Microsoft Access and Filemaker can act as ODBC clients. Therefore you can construct SQL queries in Access or Filemaker, send those queries to remote databases, and download the results into the local database. More importantly, Access, Filemaker, and MySQL can act as servers, and scripting languages like Perl, PHP, or commercial programs like Allaire's ColdFusion or Blue World's Lasso can be used to query the databases. [12, 13] This model is more scalable than many of other techniques described in the previous sections since your ODBC-enabled scripts are oblivious to the databases being queried; the scripts only know about the driver. Therefore, your scripts could stay the same but your databases could move or your data could be migrated to a larger (or smaller) engines.

Conclusion: Databases and libraries

There seems to be no concrete formula for helping you decide what combination of database engines and scripting languages you should implement for making your data available on the Web. Most of the time your decisions will be made for you because you will be limited by particular pieces of hardware and software at your disposal. Even when you do have choices, those choices are hard to make. The largest of database applications such as Oracle or Sybase (often termed "enterprize solutions") will handle any database need but the administrative overhead may be more than you can handle. Desktop applications are easy to use as well as get up and running, but their functionality is limited by the number of records they can easily support as well as the number of simultaneous users.

This simple matrix illustrates one approach to selecting the appropriate database application for your need. Along one axis is the size of your database. Along the other axis is the number of simultaneous users you expect to use your database.

If you have a small number of records (<= 3000) and a small number of users (<= 25), then desktop solutions will work just fine. If you have a large number of records (> 3000) and a large number of users (> 25), then an enterprize solution is prescribed. The difficulty comes in when you have something in between and when you aren't certain about the number of users you expect to serve. This is when one of the open source combinations such as Perl/MySQL may be your best bet.

Database matrix
Database matrix

Libraries are becoming more and more about access (no puns intended) and less and less about storage. People can get their own information and more often than not this information does not necessarily come from a library. In order to provide access to information libraries routinely create lists of things such as books, journals, magazines, Internet resources, names, telephone numbers, addresses, etc. These lists are organized lists -- they are usually classified with one or more subjects describing the "aboutness" of each item. Using computers, organized lists are best implemented as relational databases.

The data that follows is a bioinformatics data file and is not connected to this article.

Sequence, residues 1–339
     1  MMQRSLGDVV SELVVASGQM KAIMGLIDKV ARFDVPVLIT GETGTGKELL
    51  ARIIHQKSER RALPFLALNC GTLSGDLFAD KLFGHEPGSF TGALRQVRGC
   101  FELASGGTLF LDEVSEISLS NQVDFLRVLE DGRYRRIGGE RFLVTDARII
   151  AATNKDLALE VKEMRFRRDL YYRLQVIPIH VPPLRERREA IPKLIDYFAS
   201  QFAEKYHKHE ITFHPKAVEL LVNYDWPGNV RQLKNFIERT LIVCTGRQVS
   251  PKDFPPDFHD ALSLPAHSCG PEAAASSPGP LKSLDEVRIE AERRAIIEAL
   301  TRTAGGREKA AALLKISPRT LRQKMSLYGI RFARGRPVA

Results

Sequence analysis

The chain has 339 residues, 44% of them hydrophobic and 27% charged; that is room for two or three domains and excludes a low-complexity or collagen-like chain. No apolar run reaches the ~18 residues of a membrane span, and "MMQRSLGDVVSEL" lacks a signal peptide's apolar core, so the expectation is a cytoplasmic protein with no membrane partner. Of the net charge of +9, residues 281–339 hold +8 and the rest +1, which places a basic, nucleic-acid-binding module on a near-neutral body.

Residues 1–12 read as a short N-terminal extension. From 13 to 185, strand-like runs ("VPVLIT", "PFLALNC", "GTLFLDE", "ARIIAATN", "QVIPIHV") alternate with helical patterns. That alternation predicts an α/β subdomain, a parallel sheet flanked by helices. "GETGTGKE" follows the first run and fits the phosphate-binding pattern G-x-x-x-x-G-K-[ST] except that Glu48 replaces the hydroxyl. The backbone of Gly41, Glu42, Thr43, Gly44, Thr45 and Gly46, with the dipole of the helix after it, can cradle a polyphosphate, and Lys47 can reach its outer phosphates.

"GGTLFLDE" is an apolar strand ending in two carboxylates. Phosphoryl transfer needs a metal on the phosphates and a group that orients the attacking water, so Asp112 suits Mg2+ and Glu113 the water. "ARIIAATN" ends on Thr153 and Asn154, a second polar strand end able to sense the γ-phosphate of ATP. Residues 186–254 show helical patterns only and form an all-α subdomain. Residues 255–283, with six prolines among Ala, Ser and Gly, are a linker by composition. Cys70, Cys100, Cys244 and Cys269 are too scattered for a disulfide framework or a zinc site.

It behooves librarians to learn and become experts in relational database technology so they (we) can take advantage of the flexibility and particular features of computerized lists. Computerized lists can be updated and copied easily, sorted and re-ordered, limited to subsets of lists, and incorporated into other data formats (ie. word processors, spreadsheets, charts/graphs, etc.) Combined with globally networked computers -- the Internet -- these same lists can be tranfered quickly and flawlessly from one place to another. This process is much a part of librarianship. It is akin to what we have described our role in society to be. Therefore it is appropriate for the us to learn how to use these tools effectively. Otherwise we will be doing our jobs in a manner than is less than professional.

Appendix A - An example CDML search form

This CDML file displays an HTML form used to search the contents of a database. The select options in this form are dynamically populated based on the contents of authority files and sets of controlled vocabulary terms saved in tables.

<!--show header-->
[FMP-Include: header.inc ]




<!--initialize the form and set a few defaults-->
<form action="FMPro" method="GET">
<input type="hidden" name="-db" value="citations.fp3">
<INPUT TYPE="hidden" NAME="-lay" VALUE="all fields">
<input type="hidden" name="-format" value="results.html">
<input type="hidden" name="-Error" value="no-records-found.html">

<!--start a table-->
<table border=1>

<td align="right"><b>Field</b></td>

<!--create an input for a title search with qualifiers and Boolean operations-->
<td align="right">Title</td>
<select name="-op">
<option value="equals">equals
<option value="contains" selected>contains
<option value="begins with">begins with
<option value="ends with">ends with
<input type="text" name="article title">
<input type="hidden" name="-lop" value="and">

<!--create an input for an author search with qualifiers-->
<td align="right">Author</td>
<select name="-op">
<option value="equals">equals
<option value="contains" selected>contains
<option value="begins with">begins with
<option value="ends with">ends with
<td><input type="text" name="authors"></td>

<!--create an input in order to limit searches by year-->
<!--notice how the select statement gets it's input from an internal list-->
<td align="right">Year</td>
<input type="hidden" name="-op" value="contains">
<select name="year">
<option value="" selected>(any year)
[FMP-option: year, list=years]

<!--create an input in order to limit by a format (article, book, video, etc.)-->
<!--notice how the select statement get it's input from a related table-->
<td align="right">Type</td>
<input type="hidden" name="-op" value="contains">
<select name="types::type name">